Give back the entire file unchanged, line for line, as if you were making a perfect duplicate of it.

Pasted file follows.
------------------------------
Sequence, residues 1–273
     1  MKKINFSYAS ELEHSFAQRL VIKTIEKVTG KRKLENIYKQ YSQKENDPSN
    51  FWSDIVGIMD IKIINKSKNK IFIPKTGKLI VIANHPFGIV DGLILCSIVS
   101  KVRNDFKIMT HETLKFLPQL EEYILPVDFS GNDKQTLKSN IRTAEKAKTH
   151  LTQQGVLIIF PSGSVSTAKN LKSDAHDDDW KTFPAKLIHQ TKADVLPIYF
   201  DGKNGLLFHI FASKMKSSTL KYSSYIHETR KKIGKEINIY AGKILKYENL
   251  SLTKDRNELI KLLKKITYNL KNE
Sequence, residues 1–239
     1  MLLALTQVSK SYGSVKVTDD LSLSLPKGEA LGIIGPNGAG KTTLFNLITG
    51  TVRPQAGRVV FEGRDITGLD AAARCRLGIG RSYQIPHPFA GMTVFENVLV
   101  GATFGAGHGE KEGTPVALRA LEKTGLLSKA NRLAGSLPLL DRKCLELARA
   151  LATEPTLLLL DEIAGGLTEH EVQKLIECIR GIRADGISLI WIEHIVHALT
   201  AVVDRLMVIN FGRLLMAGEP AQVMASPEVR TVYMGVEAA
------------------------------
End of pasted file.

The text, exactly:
Sequence, residues 1–273
     1  MKKINFSYAS ELEHSFAQRL VIKTIEKVTG KRKLENIYKQ YSQKENDPSN
    51  FWSDIVGIMD IKIINKSKNK IFIPKTGKLI VIANHPFGIV DGLILCSIVS
   101  KVRNDFKIMT HETLKFLPQL EEYILPVDFS GNDKQTLKSN IRTAEKAKTH
   151  LTQQGVLIIF PSGSVSTAKN LKSDAHDDDW KTFPAKLIHQ TKADVLPIYF
   201  DGKNGLLFHI FASKMKSSTL KYSSYIHETR KKIGKEINIY AGKILKYENL
   251  SLTKDRNELI KLLKKITYNL KNE
Sequence, residues 1–239
     1  MLLALTQVSK SYGSVKVTDD LSLSLPKGEA LGIIGPNGAG KTTLFNLITG
    51  TVRPQAGRVV FEGRDITGLD AAARCRLGIG RSYQIPHPFA GMTVFENVLV
   101  GATFGAGHGE KEGTPVALRA LEKTGLLSKA NRLAGSLPLL DRKCLELARA
   151  LATEPTLLLL DEIAGGLTEH EVQKLIECIR GIRADGISLI WIEHIVHALT
   201  AVVDRLMVIN FGRLLMAGEP AQVMASPEVR TVYMGVEAA